MW: The appeal of a career in family medicine to me is using science to serve others. I sought out global health opportunities in Kenya, El Salvador, and Haiti during my medical training. As a newly minted Family Medicine physician, I volunteered in the largest refugee camp in the world, in Bangladesh. In 2017, the Rohingya people fled genocide in Burma to this mountainous forest region on the Bangladesh-Burma border. While I enjoyed my global health work, I felt limited in my role as a foreign physician because of the linguistic and cultural barriers. I wanted to work in my community and use my skills in HIV medicine and gender affirming care. I was incredibly lucky to learn about TRUST Clinic from a close friend who already worked at Lifelong. I met with Dr. Jason Reinking, Associate Medical Director, who recruited me for my precise background and interests. I did not realize back then how vital Community Health Centers are to their communities. By providing comprehensive primary care in a single location, low-income patients can access the care they need without stigma or logistical barriers. I find this model appealing because I want to take care of the most vulnerable and difficult to engage in care.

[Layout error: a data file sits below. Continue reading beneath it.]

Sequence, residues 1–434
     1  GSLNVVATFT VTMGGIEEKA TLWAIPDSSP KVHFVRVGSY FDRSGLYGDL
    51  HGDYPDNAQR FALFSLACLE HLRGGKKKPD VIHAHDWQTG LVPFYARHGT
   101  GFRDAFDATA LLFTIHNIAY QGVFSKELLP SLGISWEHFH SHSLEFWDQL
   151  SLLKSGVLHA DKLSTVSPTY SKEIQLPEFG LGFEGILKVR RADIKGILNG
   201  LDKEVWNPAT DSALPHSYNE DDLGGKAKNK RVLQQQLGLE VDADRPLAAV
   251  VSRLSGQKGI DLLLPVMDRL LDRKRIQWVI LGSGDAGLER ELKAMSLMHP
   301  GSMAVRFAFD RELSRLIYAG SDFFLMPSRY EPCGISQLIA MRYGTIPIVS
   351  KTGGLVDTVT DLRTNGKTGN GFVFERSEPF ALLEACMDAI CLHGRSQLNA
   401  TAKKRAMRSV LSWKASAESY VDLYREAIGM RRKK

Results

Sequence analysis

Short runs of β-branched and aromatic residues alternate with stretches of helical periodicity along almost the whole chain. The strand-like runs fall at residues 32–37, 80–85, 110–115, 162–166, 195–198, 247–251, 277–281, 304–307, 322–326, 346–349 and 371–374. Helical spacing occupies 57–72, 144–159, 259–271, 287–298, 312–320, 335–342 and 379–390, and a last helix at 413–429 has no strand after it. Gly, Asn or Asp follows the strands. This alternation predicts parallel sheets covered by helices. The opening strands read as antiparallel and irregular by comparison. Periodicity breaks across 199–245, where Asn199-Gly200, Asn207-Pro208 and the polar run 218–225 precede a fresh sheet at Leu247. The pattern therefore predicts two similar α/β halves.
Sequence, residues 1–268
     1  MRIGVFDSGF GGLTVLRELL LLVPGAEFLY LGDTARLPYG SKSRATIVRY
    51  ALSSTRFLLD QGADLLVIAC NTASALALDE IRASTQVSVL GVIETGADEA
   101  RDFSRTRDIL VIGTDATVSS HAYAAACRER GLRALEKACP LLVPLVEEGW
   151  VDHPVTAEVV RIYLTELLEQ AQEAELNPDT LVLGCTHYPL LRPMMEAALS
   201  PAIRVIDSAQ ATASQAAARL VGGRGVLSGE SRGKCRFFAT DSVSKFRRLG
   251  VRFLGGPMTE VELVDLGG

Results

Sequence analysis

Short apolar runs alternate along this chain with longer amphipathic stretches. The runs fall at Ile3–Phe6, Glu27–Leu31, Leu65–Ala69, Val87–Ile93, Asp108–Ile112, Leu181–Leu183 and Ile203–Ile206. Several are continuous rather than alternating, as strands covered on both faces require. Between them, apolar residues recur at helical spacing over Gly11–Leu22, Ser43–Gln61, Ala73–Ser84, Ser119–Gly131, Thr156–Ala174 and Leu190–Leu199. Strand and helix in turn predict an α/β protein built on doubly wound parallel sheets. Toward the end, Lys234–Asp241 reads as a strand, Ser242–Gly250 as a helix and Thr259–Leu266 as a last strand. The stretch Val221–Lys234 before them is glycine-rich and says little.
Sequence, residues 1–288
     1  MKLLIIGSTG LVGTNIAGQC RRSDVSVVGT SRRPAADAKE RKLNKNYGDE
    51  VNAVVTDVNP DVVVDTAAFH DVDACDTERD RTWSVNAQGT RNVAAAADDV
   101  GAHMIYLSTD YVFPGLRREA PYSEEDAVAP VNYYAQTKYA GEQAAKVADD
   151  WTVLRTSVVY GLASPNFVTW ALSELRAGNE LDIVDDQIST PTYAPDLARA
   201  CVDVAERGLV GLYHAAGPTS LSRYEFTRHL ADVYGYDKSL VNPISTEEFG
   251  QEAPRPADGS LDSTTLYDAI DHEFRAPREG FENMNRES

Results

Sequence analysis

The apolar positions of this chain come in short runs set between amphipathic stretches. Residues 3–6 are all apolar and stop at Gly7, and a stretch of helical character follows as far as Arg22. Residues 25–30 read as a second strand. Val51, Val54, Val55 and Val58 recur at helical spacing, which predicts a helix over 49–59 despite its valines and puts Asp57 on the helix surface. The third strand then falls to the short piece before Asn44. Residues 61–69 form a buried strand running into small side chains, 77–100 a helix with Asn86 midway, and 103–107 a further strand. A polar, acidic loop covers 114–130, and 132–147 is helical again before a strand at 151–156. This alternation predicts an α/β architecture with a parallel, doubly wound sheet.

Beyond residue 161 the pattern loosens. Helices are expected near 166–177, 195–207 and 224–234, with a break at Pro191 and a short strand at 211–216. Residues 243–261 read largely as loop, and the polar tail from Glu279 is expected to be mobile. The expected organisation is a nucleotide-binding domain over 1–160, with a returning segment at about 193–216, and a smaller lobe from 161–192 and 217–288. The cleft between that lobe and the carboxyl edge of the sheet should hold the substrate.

I feel incredibly honored and humbled to walk with my patients on their journeys.

Dr. Woods

Dr. Woods

AHC: In your role as a primary care provider at LifeLong Medical Care’s TRUST Health Center, what are often some of the barriers you experience in providing care for people experiencing homelessness?

MW: People experiencing homelessness face myriad barriers to staying healthy. For example, without a safe place to sleep at night, many rely on stimulants to stay awake. Without bathroom access, many will forgo diuretics to avoid urinating in public places. My patients lack consistent access to healthy food, which makes treating conditions like insulin-dependent diabetes challenging. These kinds of barriers all compound each other, and the result is that people experiencing homelessness die on average 20 years younger than people who have secure housing.